Reports: Denmark’s Jyske Bank withdrawns financial support for Eskom
The bank raised concerns in relation to governance shortly after Futuregrowth's move to do the same.
JOHANNESBURG/CAPE TOWN - Bloomberg is reporting that Denmark's Jyske Bank has withdrawn financial support for Eskom citing concerns over governance.
It this has been confirmed in email comments sent to the news agency.
Yesterday, asset manager Futuregrowth announced that it had withdrawn its financial support for six state-owned entities, including Eskom, Sanral, Transnet, The Land Bank, the IDC and the Development Bank.
It raised concerns in relation to governance and decision-making at these institutions.
The party's Khusela Sangoni said, "We believe Futuregrowth should be engaging with the relevant ministries and parastatals to get to the bottom of their concerns and together find a solution that works in the interests of the economy. We do, however, want to reiterate our commitment to ensuring that the SOEs perform their developmental role in this country."
Eskom's Khulu Phasiwe says at the moment the parastatal has secured more than half of the funding required for this financial year.
"Our plan was to raise about R50 billion this year and we have raised over 57 percent of what we need. Therefore, currently we don't have any trepidation."
But he says Eskom won't take Futuregrowth's decision lightly and will continue engagement with the wider investment community.
"We will be going back to the market to make sure that we explain to them anything that they may be feeling unhappy or uncomfortable about and we will clarify those matters."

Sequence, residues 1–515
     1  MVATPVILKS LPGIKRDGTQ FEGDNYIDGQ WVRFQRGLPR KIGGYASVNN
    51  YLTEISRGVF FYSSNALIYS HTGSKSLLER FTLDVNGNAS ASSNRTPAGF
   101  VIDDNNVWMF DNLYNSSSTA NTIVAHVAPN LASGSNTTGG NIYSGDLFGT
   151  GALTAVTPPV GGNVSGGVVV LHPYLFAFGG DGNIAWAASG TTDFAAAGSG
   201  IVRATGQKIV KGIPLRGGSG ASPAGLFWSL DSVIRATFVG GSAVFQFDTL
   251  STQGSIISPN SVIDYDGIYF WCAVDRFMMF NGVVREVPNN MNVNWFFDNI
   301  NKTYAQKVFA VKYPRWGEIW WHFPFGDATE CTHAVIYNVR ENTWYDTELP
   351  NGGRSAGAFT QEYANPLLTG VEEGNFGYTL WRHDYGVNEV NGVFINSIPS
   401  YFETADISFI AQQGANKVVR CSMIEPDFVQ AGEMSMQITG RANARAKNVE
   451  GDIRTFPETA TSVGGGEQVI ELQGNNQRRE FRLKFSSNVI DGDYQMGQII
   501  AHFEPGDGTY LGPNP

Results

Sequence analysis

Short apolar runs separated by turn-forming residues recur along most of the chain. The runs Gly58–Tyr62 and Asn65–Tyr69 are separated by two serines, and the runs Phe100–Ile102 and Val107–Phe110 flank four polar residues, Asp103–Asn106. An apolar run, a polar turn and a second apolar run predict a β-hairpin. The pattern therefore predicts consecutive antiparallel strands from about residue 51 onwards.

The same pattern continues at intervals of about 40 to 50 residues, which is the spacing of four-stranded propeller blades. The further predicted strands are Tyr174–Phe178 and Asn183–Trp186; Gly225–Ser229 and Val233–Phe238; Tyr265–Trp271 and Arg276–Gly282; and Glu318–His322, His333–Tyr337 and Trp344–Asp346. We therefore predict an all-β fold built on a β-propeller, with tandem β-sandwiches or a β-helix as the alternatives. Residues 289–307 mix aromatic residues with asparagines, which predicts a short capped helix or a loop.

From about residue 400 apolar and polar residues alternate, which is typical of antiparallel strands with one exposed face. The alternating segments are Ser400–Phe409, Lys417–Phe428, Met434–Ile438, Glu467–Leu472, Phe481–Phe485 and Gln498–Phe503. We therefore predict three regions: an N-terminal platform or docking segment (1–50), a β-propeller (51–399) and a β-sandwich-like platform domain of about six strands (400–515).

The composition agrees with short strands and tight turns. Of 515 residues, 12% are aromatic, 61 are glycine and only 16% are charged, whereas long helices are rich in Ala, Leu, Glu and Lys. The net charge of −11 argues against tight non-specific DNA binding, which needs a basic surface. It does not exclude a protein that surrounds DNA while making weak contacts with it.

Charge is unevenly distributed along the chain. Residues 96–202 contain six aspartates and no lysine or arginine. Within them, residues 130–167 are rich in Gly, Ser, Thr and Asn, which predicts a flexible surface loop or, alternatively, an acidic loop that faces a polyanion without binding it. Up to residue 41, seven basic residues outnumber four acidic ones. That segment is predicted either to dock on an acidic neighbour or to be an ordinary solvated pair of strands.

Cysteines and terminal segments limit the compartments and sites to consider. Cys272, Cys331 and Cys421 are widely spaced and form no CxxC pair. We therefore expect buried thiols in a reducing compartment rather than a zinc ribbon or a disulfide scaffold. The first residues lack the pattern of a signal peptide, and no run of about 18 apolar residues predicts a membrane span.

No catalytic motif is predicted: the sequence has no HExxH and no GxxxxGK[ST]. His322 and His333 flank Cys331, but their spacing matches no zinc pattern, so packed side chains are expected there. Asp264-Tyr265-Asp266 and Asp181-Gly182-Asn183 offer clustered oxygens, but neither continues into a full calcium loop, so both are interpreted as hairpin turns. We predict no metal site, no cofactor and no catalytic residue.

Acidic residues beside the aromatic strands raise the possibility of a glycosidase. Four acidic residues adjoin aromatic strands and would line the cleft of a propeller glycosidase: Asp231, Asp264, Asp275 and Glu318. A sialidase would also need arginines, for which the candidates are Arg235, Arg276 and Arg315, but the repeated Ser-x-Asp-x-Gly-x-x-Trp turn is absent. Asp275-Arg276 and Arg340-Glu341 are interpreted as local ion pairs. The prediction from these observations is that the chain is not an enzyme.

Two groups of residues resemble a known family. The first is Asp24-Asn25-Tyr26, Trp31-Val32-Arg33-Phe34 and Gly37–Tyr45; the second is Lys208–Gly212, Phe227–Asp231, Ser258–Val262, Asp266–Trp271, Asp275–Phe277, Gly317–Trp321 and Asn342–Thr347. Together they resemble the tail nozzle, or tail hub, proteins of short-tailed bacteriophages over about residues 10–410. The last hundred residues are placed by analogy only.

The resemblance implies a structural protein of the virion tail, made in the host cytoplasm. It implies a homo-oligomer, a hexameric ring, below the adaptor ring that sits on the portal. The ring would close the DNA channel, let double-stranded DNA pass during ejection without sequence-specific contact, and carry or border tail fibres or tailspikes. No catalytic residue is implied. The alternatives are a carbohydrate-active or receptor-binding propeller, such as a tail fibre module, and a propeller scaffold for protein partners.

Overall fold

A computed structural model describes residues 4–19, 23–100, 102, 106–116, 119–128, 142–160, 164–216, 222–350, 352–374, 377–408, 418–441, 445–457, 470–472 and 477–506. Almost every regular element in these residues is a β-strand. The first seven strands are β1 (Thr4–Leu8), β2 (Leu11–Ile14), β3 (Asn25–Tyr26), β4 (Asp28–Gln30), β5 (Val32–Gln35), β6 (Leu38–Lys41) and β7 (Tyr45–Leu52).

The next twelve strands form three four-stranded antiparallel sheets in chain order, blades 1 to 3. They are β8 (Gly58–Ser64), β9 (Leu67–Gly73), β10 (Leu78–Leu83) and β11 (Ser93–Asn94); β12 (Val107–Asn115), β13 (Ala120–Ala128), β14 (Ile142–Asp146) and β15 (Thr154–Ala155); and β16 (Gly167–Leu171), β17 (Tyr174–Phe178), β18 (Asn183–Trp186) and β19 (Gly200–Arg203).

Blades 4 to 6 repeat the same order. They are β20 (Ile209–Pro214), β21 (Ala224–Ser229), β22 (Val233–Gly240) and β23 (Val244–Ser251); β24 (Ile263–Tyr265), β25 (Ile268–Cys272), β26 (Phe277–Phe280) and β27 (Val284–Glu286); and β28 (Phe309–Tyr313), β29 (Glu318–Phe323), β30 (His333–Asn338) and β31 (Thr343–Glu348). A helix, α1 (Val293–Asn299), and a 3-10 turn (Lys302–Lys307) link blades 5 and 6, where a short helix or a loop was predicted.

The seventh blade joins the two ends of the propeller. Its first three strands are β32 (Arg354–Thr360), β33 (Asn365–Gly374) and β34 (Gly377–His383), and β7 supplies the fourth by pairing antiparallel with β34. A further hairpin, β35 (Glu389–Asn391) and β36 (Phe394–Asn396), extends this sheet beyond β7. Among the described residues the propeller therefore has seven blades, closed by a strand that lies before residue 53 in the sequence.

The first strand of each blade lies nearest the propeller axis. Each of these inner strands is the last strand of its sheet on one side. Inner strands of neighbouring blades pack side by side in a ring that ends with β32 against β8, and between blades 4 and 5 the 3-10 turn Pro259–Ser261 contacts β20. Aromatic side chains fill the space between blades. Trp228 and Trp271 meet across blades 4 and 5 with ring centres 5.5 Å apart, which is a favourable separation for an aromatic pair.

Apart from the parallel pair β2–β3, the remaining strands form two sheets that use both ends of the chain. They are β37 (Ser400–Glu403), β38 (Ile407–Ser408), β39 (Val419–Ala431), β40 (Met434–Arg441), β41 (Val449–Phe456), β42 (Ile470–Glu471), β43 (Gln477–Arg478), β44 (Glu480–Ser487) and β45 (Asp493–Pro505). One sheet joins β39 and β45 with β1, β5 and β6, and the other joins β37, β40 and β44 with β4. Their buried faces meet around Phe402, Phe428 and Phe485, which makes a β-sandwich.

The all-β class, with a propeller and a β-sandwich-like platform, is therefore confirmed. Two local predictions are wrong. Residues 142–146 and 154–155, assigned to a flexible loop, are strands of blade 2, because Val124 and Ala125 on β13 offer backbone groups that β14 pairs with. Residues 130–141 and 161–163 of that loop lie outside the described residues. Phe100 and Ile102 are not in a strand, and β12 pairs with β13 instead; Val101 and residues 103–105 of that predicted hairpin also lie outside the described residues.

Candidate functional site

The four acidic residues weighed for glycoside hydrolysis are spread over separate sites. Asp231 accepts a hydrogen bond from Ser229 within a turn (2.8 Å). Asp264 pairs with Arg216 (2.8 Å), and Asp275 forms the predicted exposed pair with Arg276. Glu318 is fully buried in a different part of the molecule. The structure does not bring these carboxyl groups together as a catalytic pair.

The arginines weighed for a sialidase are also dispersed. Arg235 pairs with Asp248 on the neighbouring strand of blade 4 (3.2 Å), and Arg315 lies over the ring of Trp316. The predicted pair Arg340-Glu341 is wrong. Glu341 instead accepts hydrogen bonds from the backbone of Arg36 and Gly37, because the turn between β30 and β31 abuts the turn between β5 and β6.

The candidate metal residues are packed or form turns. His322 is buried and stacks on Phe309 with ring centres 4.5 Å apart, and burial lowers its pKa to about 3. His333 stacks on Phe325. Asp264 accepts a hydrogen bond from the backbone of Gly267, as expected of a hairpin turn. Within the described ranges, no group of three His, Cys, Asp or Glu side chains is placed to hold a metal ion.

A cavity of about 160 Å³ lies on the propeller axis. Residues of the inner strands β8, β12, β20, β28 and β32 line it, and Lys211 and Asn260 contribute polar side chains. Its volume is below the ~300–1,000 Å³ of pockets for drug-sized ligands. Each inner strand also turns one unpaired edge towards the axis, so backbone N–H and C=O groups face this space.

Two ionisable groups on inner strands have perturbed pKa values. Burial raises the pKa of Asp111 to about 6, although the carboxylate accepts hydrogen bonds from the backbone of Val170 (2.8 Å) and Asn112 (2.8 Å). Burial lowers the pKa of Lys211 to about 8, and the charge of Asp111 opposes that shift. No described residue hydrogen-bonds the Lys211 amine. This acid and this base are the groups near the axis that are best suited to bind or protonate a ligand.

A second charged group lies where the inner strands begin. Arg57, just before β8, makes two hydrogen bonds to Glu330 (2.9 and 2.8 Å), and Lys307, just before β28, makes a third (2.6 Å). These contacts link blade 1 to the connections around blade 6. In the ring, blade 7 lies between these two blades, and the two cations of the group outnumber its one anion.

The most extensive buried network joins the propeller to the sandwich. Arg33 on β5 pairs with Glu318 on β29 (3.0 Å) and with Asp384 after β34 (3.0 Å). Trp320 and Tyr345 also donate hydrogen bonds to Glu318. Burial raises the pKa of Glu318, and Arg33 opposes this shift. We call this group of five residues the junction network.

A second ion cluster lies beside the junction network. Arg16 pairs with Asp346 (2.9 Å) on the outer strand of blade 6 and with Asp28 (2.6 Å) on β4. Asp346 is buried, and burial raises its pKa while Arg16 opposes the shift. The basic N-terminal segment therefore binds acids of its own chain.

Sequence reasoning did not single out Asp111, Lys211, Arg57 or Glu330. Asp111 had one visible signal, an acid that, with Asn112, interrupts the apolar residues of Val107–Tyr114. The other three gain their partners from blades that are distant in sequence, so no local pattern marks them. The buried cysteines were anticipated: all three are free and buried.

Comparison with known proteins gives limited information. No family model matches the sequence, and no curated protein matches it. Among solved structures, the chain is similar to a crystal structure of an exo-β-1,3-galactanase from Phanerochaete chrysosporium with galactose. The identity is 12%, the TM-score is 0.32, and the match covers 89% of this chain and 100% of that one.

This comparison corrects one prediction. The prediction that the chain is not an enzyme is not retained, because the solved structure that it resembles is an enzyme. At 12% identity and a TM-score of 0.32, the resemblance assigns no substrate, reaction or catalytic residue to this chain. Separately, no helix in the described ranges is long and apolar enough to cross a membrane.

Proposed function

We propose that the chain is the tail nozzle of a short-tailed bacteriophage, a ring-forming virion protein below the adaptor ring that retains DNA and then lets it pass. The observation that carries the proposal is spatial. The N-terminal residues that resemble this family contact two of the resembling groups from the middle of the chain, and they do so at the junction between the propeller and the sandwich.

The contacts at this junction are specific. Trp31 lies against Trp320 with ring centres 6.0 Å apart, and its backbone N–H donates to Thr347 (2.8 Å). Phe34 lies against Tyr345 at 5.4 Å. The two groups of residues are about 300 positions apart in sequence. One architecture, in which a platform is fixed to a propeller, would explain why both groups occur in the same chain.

While the power utility hasn't confirmed the withdrawal of a second money manager, it says its confident the necessary funding for the year will be raised.
Earlier, Deputy President Cyril Ramaphosa said processes were underway to ensure that tensions at upper levels of government were being resolved.
He was answering questions in Parliament on a variety of issues including the economy.
"It is the statements that also exacerbate the situation and we'd like to believe the processes that are underway to deal with this matter, will put this matter to bed and we will be able to proceed forward in a way where there is decorum."
Earlier, economist Dawie Roodt questioned whether other financiers would follow Futuregrowth's example.
Roodt said the public announcement by Futuregrowth was a "bold move".
"A private asset manager decided and made it public, and I think that was a very brave move, that we are not going to fund the state anymore and lend money to the state anymore. So is somebody else going to follow? See what happened with the banks and Oakbay for example."